Below this example the author endeavors to show that there are gaps in the rational number system, which appears that it can only be done if you accept that $p^2 = 2$ must have some solution.

To do this, the author considers all of the rational number solutions $p^2 < 2$, and let $A$ contain all of these solutions; he also considers solutions to $p^2 > 2$, and lets $B$ contain these solutions. Evidently, by showing that $A$ does not have a largest element, and that $B$ does not have a smallest element, we will have shown that there is a gap.

He proceeds by supposing $A$ has a largest element, which he calls $q$, so that $p < q$ $\forall p \in A$. He then says that we can associate with each rational number $p > 0$ the number

$q = p - \frac{p^2 - 2}{p+2}$.

Why would you do such a thing?

$q = p - \frac{(p+2)(p-2)}{p+2} = p - (p-2) = 2$

Why would you define $q$ to be $2$?

Another more pressing question I have is, why would showing $A$ has no greatest element, and $B$ no smallest, show that there is a gap?

12. Dec 10, 2014

### lavinia

I don't know the history but it seems like ruler and compass constructions may be thought of as a program for constructing all of space, a failed program of course.

Last edited: Dec 10, 2014
13. Dec 10, 2014

### Staff: Mentor

Where did the equation above come from? $\frac{p^2 - 2}{p+2} \neq \frac{(p+2)(p-2)}{p+2}$

14. Dec 10, 2014

### Erland

If you mark the sets A and B on the number line, and if A has no greatest element and B no smallest, isn't it then geometrically obvious that there is a "hole" between the two sets, corresponding to a point on the number line?

As for complex numbers, the field ℂ is algebraically complete: Every algebraic equation $a_n z^n + a_{n-1} z^{n-1} + \dots + a_1 z + a_0=0$, with complex coefficients and $a_n≠0$, has a complex root. This is the content of the Fundamental Theorem of Algebra.
http://en.wikipedia.org/wiki/Fundamental_theorem_of_algebra

Last edited: Dec 10, 2014
15. Dec 10, 2014

### Bashyboy

Oh, whoops...Thank you for showing me my error Mark44. However, I am still confused as to why we would define $q$ as $p - \frac{p^2 -2}{p+2}$. Certainly it it plausible to relate $q$ and $p$, because we already have some relationship between them, that $p < q$. But if we define $q$ in such a manner, as $p$ minus some quantity involving $p$, won't this make $q$ less than $p$?

16. Dec 10, 2014

### Erland

Is it $p$ or $q$ which is the supposed largest element in $A$?

Anyway, $p - \frac{p^2 -2}{p+2}=p + \frac{2-p^2}{p+2}>p$, since $p^2<2$.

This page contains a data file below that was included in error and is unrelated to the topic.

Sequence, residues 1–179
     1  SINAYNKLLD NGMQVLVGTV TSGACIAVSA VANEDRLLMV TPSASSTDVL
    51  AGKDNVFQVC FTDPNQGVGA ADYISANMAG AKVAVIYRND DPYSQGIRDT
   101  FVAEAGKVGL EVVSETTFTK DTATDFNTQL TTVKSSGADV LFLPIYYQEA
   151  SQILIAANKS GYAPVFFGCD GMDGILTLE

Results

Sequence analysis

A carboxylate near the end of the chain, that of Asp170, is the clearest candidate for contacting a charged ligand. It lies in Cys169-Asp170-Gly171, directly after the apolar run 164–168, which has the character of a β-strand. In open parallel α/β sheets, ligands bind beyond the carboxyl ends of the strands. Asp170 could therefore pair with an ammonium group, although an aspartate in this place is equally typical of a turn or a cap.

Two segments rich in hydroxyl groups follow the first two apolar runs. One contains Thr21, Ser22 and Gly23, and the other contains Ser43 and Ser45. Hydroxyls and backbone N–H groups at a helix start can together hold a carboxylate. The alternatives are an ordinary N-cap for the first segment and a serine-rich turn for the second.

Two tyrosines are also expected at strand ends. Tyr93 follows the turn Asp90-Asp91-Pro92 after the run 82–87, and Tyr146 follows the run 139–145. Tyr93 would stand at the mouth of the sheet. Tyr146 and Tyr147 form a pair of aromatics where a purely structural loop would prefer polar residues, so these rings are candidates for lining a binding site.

17. Dec 11, 2014

### lavinia

- The idea of the proof is to show that there is no largest rational number less than the square root of 2. So given such a rational, one must find another that is bigger but still less than the square root of 2. Check that if $p^2 < 2$ then

$(p - \frac{p^2-2}{p+2} )^2 < 2$

as well.

- "Gap" just mans that there are numbers that are not rational. If you think of the number line then intuitively there must be holes and these holes separate the rationals into disjoint sets.

As it turns out, there is no possible procedure for constructing all of the real numbers. One must define them in another way. All equivalence classes of Cauchy sequences of rationals is one way. Another is all Dedekind cuts. But there is no way to construct all of these cuts or equivalence classes. This is because the number of real numbers is a larger infinity than the infinity of the integers.

Last edited: Dec 11, 2014
18. Dec 11, 2014

### mathwonk

As others have said, the geometric line preceded the real numbers. It was the desire to represent points on the line by numbers that led to the discovery of irrational numbers, and real numbers in general. This becomes clear if you start your mathematical education at the beginning, namely with Euclid. The need to define the ratio of two lengths, and to prove the principle of similarity for all triangles with the same angles, leads to the approximation of arbitrary lengths by rational lengths, in Book V or VI I believe in Euclid. See especially Book VI, Propositions 1 and 2.

19. Dec 11, 2014

### homeomorphic

There are three kinds of gaps that I'm aware of. One of them is the gaps created by ruler and compass constructions, needed for the geometry of the ancient Greeks. You fill those in by throwing in square roots (including nested square roots). Another gap kind of gap is holes where there should be a solution to some algebraic equation. But what's most relevant for the real numbers is the gaps created by sequences that want to converge. Any sequence whose terms get arbitrarily close together ought to be converging to something (Cauchy sequences). What the real numbers really do is fill in those holes, so that any Cauchy sequence does converge to something. This is needed to get "obvious" facts like the intermediate value theorem to work. The intermediate value theorem is equivalent to completeness.

The precursor to the real numbers was Eudoxus' theory of proportions, which is the subject of Book 5 of Euclid's Elements. Dedekind's Dedekind cuts construction of the real numbers was inspired by this ancient Greek theory. It was only later in the 19th century that the need for filling all these gaps to get calculus to work was really appreciated.

The real numbers "exist", not in the real world, but mathematically, because we can construct them from the ground up, starting with things like the empty set and the ability to stick whatever sets we have together into another set, and the existence of an infinite set, and all that stuff. So, we don't just postulate the existence of the real numbers. We can construct them from simpler things, which we do have to postulate the existence of, but it's somewhat more satisfying to postulate something simple like some basic things about sets than to start with the real numbers.

20. Dec 11, 2014

### FactChecker

Not really. The way irrational numbers can be defined in modern math as limits of real numbers, there is no logic that allows anyone to deny they exist. It wouldn't be hard to define a series of rational numbers that come arbitrarily close to the solution of p2=2. The limit of that sequence would define the solution. Then you can prove that the solution is irrational.

In the time of Pythagoras, they didn't believe in irrational numbers, but that was a different. Zero and negative numbers had not been invented and numbers were thought of as having mystical, religious properties. Geometry was all they really believed in. So the existence of an isosceles right triangle with a hypotenuse of sqrt(2) was a given. Pythagoras religiously believed that there was a rational number for that length. His religious beliefs did not allow irrational numbers. Some believe that his followers killed the man who proved that the square root of 2 was irrational. Here is an amusing (I think) account of it:

Last edited: Dec 11, 2014